Guidelines for How to Plan a Next-Gen Data Center

By Chris Preimesberger  |  Posted 2008-12-02 Print this article Print

What factors and best practices should be considered in developing a data center strategy and architecture while balancing risk, cost, quality and agility? Gartner Research analysts Donna Scott and Paul McGuckin offer their perspectives at the Gartner Data Center Conference Dec. 2 at the MGM Grand Hotel.

LAS VEGAS-Few IT managers ever get the opportunity to put together a well-written, well-researched strategy with detailed architecture to build a fresh new data center.

What is most likely to happen in the real world is that a manager will inherit an older data center-one in which the inventory increases over time due to business initiatives, mergers and acquisitions, shadow IT, and business growth.

Then, depending upon budgetary allowances, the manager may occasionally start a project to rationalize the value of the data center-typically driven by a large fiscal-year savings he or she may have achieved after consolidating a bunch of servers, thanks to virtualization software.

This scenario was reported as a typical one in a survey taken at the November 2007 Gartner Data Center Conference, where nearly three-quarters of the attendees said they were in the process of a physical data center consolidation project. This is still pretty much status quo today.

At the Gartner Data Center Conference Dec. 2 at the MGM Grand Hotel, Gartner Research analysts Donna Scott and Paul McGuckin offered their perspectives on what factors and best practices should be considered in developing a data center strategy and architecture, while balancing risk, cost, quality and agility.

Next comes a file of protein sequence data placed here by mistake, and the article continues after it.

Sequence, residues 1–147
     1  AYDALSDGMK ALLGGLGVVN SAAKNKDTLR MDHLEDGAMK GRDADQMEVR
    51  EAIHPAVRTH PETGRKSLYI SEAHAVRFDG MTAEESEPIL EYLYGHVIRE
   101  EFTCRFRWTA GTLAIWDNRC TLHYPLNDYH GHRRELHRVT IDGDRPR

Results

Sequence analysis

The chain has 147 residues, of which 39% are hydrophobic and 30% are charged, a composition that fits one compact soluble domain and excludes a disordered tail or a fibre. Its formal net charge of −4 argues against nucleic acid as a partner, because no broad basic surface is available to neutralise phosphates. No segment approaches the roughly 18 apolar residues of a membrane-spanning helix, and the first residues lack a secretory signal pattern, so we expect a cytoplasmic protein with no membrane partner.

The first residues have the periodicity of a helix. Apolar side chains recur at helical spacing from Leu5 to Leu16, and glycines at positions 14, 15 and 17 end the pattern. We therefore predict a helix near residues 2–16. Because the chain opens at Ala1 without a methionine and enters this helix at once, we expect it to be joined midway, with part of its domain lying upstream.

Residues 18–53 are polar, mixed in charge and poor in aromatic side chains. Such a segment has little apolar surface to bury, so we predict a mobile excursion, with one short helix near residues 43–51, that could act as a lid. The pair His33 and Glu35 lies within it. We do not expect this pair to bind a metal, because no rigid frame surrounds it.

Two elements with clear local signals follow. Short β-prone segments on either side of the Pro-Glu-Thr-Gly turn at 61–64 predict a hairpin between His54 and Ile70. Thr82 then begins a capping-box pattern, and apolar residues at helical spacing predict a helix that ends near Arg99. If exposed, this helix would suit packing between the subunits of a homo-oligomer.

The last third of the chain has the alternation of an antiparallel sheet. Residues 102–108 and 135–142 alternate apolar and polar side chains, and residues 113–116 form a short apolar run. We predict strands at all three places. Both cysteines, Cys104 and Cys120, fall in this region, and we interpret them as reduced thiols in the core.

Chris Preimesberger Chris Preimesberger was named Editor-in-Chief of Features & Analysis at eWEEK in November 2011. Previously he served eWEEK as Senior Writer, covering a range of IT sectors that include data center systems, cloud computing, storage, virtualization, green IT, e-discovery and IT governance. His blog, Storage Station, is considered a go-to information source. Chris won a national Folio Award for magazine writing in November 2011 for a cover story on and CEO-founder Marc Benioff, and he has served as a judge for the SIIA Codie Awards since 2005. In previous IT journalism, Chris was a founding editor of both IT Manager's Journal and and was managing editor of Software Development magazine. His diverse resume also includes: sportswriter for the Los Angeles Daily News, covering NCAA and NBA basketball, television critic for the Palo Alto Times Tribune, and Sports Information Director at Stanford University. He has served as a correspondent for The Associated Press, covering Stanford and NCAA tournament basketball, since 1983. He has covered a number of major events, including the 1984 Democratic National Convention, a Presidential press conference at the White House in 1993, the Emmy Awards (three times), two Rose Bowls, the Fiesta Bowl, several NCAA men's and women's basketball tournaments, a Formula One Grand Prix auto race, a heavyweight boxing championship bout (Ali vs. Spinks, 1978), and the 1985 Super Bowl. A 1975 graduate of Pepperdine University in Malibu, Calif., Chris has won more than a dozen regional and national awards for his work. He and his wife, Rebecca, have four children and reside in Redwood City, Calif.Follow on Twitter: editingwhiz

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